What the Moms 4 Housing Movement Reveals About the Homelessness Crisis

In an act of civil disobedience—and out of the need to secure a safe space for their children to live—members of Moms 4 Housing, a collective of unhoused mothers in Oakland advocating for housing to be seen as a human right, had settled into a two-year vacant home in West Oakland in November of 2019 with the goal of raising national awareness of the no-end-in-sight housing and homeless epidemic in California. Last week, armed police from the Alameda County Sheriff’s Office came in the dark hours before dawn to evict and consequently arrest the single Black mothers.

The optics were chilling: men in riot gear with AK47s drawn stormed into a home where homeless Black women and their children were seeking shelter in the cold, wet winter months. The images from the scene challenge us to examine how race and gender inequality are embedded in the DNA of our homelessness epidemic.

Housing is a racial and gender justice issue. Nationally, about 60 percent of families that are unhoused are single-mother households, half being Black single mothers. In California, a state which saw a 16.4 percent rise in homelessness from 2018 to 2019 and has one of the highest rates of homelessness in the nation, close to 40 percent of the homeless population is Black, even though they only make up 6.5 percent of the state’s population.

Despite these numbers, however, most of the conversations and solutions to ending homelessness centers mostly around the availability of low-income housing. This singular focus misses the point and does not address the issue at its root.

Homelessness is more than just an affordable housing stock issue. Solutions to our housing and homeless crisis need to address the institutionalized racism and sexism that result in alarmingly high rates of homelessness among Black single mothers. 

It is no accident that we see such high levels of homelessness for Black women. Our homeless crisis is a direct result of the economic and housing policies and practices that created massive racial and gender wealth inequality. Redlining, increasingly punitive social welfare programs, a lack of comprehensive paid leave policies and our criminal justice system all contribute to racial and gender wealth disparities.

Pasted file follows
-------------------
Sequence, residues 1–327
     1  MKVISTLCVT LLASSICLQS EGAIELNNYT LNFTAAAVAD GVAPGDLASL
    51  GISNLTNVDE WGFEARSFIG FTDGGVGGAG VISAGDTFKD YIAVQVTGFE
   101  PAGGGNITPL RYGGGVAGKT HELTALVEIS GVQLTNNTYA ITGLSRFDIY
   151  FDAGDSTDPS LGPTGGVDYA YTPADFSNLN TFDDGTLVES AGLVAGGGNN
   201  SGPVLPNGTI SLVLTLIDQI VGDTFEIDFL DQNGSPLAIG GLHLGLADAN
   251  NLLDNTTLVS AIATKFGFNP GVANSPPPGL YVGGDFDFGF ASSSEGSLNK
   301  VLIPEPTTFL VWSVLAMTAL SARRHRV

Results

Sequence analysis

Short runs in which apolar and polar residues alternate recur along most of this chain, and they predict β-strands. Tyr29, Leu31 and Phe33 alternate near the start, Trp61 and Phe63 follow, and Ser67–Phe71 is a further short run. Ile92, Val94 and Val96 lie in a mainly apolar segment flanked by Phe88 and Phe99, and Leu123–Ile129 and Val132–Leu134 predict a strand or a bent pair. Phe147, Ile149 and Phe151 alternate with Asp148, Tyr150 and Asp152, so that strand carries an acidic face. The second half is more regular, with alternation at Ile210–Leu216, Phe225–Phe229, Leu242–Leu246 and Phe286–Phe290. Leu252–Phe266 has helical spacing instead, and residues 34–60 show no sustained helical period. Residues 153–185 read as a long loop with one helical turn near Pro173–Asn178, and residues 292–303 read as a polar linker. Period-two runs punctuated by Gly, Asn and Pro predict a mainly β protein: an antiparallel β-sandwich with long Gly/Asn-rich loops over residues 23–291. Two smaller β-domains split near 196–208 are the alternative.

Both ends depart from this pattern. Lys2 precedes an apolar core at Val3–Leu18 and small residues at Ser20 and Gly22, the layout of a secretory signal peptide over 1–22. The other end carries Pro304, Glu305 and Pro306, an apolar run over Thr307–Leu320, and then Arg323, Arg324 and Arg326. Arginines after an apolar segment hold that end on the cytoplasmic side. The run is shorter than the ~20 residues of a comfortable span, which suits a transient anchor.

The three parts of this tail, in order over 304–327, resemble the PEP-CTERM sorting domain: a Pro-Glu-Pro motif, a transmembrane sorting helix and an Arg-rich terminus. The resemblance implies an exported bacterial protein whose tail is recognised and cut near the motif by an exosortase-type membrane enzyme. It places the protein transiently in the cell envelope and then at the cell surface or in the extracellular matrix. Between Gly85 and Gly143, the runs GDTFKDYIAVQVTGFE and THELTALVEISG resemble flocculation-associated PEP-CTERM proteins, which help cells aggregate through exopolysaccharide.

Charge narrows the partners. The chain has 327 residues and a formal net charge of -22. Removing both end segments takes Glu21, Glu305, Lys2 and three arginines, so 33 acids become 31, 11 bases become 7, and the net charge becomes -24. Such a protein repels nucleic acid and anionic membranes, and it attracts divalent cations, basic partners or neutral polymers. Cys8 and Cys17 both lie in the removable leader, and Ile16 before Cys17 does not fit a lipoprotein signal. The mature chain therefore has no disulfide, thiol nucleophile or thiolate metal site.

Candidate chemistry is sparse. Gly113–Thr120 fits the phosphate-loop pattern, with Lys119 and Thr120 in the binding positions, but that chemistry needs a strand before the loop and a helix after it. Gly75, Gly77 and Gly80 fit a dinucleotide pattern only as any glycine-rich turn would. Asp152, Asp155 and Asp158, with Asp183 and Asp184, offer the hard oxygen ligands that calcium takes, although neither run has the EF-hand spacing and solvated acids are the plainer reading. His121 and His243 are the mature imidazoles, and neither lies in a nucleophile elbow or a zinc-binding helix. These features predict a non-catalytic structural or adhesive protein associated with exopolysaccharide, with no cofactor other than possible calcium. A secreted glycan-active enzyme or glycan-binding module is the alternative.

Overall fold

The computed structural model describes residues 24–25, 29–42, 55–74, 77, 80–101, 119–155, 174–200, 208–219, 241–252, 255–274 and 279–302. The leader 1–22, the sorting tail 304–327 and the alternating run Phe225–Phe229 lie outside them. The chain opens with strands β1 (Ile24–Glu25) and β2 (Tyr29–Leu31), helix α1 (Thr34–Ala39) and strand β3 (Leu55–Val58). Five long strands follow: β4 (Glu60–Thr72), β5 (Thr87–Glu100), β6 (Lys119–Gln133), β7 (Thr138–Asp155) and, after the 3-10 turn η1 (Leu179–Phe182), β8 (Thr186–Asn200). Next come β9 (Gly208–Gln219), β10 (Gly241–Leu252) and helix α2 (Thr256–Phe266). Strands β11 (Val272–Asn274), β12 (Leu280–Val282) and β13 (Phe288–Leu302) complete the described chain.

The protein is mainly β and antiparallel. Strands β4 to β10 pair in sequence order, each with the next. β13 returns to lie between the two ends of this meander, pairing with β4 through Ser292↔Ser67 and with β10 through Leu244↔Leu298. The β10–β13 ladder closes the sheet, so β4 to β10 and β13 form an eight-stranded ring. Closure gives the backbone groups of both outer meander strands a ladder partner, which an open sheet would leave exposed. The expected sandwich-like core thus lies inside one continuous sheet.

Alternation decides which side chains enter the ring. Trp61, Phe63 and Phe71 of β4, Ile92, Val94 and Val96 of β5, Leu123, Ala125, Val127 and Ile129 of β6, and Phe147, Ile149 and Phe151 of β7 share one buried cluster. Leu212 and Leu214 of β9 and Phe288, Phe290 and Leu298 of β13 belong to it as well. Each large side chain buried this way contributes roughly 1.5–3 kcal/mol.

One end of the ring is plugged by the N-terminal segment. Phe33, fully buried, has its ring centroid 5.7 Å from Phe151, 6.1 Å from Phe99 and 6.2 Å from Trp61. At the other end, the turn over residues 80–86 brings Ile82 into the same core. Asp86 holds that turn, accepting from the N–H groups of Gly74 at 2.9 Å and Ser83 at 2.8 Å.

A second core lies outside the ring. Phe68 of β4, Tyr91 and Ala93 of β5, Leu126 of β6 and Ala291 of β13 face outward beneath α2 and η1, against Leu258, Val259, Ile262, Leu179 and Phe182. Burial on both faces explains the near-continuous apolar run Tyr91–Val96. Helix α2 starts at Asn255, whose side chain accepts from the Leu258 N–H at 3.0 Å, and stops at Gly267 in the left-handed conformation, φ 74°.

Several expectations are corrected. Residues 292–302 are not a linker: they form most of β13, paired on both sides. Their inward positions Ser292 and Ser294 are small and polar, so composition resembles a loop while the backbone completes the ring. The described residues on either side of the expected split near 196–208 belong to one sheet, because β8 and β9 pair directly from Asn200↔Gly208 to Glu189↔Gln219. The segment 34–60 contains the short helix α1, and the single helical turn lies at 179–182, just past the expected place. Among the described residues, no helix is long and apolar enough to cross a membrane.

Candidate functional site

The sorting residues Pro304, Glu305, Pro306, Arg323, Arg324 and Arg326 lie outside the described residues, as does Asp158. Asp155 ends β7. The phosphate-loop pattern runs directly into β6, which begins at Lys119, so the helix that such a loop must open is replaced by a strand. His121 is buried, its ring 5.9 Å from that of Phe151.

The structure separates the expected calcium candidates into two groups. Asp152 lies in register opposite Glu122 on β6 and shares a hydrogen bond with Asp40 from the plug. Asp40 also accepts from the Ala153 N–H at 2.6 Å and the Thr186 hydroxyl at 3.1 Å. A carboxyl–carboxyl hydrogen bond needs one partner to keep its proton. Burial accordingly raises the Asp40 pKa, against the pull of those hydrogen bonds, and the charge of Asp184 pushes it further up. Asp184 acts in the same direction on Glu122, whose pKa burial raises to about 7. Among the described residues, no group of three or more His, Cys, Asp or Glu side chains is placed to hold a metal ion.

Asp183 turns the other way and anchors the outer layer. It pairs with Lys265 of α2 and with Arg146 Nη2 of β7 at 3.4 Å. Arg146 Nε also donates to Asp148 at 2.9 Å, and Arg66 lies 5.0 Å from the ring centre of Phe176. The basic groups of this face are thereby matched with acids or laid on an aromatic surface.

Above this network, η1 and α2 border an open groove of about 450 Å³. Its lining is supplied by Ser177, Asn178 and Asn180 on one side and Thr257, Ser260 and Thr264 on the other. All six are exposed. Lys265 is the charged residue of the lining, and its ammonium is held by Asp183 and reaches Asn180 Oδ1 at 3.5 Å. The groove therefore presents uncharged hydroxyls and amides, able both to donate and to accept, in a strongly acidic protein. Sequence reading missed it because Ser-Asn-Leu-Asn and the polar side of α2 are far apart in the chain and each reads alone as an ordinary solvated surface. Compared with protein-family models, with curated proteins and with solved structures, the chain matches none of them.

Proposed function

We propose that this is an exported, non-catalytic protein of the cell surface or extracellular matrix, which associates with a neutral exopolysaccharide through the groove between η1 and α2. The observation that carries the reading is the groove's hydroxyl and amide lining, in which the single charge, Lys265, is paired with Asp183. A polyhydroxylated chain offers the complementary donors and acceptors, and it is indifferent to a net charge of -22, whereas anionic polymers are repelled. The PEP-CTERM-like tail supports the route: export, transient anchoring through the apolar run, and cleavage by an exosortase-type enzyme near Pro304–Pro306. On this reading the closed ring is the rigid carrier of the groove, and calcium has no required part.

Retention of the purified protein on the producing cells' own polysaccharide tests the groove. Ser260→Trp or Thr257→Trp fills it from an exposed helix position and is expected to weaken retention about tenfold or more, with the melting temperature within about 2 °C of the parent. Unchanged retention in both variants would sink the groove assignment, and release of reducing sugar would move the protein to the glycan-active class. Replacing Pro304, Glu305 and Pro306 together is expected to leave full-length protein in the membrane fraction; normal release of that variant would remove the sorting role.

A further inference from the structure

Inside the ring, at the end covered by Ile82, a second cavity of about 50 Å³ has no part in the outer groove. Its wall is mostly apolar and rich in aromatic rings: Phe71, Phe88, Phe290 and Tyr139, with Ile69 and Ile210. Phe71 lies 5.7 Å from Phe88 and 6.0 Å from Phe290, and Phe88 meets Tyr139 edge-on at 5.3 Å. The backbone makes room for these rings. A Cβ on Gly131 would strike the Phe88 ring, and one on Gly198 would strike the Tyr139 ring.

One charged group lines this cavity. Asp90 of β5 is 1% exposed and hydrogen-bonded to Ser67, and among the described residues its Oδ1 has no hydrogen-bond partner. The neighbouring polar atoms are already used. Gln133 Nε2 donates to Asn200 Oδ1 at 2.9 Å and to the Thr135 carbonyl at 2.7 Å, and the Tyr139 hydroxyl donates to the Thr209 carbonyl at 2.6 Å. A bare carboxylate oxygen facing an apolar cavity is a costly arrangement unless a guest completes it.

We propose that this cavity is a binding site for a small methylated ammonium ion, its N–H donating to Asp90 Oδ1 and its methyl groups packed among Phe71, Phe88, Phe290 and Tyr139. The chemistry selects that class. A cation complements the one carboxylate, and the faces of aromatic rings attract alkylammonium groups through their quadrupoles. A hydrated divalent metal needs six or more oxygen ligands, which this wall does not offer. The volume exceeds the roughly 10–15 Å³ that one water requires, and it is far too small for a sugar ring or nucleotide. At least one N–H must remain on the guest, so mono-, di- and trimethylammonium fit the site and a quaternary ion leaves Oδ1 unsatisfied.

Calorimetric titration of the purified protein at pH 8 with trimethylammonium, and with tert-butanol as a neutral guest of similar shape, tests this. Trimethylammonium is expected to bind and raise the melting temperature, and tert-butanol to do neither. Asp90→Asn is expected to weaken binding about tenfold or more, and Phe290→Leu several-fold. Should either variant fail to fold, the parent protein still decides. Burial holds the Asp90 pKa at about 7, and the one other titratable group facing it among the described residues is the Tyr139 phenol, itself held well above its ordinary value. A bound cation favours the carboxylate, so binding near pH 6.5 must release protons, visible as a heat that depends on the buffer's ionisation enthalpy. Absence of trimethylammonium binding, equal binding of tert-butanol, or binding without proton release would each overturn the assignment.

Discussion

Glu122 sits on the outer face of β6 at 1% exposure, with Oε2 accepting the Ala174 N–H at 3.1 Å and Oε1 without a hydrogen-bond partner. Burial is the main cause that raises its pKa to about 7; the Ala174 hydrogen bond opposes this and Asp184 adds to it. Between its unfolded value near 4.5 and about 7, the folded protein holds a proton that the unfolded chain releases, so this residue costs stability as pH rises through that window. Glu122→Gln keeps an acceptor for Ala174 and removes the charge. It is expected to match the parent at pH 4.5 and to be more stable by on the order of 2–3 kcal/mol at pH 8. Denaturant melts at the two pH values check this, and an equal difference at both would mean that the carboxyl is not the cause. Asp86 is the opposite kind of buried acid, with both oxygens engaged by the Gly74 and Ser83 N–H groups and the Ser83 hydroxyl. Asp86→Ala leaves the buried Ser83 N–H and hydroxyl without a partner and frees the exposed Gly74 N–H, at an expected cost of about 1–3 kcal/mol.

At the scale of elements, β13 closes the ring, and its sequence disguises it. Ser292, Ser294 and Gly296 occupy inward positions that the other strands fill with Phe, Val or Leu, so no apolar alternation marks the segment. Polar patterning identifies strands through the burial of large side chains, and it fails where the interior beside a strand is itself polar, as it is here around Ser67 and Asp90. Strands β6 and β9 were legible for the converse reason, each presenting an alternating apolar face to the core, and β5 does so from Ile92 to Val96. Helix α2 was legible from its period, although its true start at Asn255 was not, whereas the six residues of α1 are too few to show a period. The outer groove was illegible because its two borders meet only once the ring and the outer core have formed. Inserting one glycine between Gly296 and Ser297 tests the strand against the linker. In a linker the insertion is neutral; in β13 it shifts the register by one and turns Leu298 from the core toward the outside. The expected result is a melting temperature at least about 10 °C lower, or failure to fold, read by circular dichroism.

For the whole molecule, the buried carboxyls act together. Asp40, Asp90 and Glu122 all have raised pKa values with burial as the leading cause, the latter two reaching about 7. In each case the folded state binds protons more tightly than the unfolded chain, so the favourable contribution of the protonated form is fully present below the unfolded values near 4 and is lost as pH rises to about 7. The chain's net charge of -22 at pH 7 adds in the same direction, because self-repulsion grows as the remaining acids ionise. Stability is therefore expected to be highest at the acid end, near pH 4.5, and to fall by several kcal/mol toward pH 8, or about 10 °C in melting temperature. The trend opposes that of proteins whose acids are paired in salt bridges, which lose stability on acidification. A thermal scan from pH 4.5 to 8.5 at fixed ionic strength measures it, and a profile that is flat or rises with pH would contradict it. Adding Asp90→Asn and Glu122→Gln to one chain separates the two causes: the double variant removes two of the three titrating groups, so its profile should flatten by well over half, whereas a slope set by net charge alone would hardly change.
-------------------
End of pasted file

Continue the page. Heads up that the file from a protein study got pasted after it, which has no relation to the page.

Moms 4 Housing demand that we see housing as a human right that everyone deserves, regardless of race, gender or economic standing. They understand the inherent connection between economic security, wealth and housing. Solutions they advocate for (and subsequently won) include buying vacant properties from the real estate companies that own them through programs like the Oakland Community Land Trust, helping them build their wealth.

Wealth—the value of everything you own in addition to your savings minus all your debts—is what families rely on in times of emergency. It is the safety net needed to pay for an unexpected car repair, medical emergency or loss of income; without it, families are increasingly at risk for not being able to meet their very basic needs like housing and food when income fluctuates, as it does in an increasingly volatile economy for low-wage workers.

These workers are disproportionately women of color. Overall, the median wealth for single Black women is $200, and just $100 for Latinx women, compared to just over $15,500 for single white women and close to $29,000 for single white men. This is not just a trend—and things are not looking any better for the Millennial generation. A recent report, Clipped Wings: Closing the Wealth Gap for Millennial Women, tells us that single white men have six times more wealth than single Black millennial women and 3 times more wealth than Latinx women.

Housing in America is built upon that history of embedded racism. In her new book, Race For Profit: How Banks and The Real Estate Industry Undermined Black Home Ownership, Keeanga-Yamahtta Taylor masterfully articulates how federal disinvestment in housing and an unchecked private real estate industry directly paved a path to a high share of Black women being unhoused today—from Oakland to New York.

We have the resources to eradicate homelessness. We just need the political and public will power to understand the problem in its entirety by acknowledging the racism and sexism that drive it. Multi-pronged solutions that embrace and support grassroots organizing, provide wrap-around services and help address racial and gender wealth inequality is the way forward.

Politicians and policymakers created this mess, and now we have to demand that they take responsibility and fix it by taking the lead of impacted groups like Moms 4 Housing and ensuring solutions are targeted toward communities who are suffering the most.


Jhumpa Bhattacharya is co-president and co-founder of The Maven Collaborative in Oakland.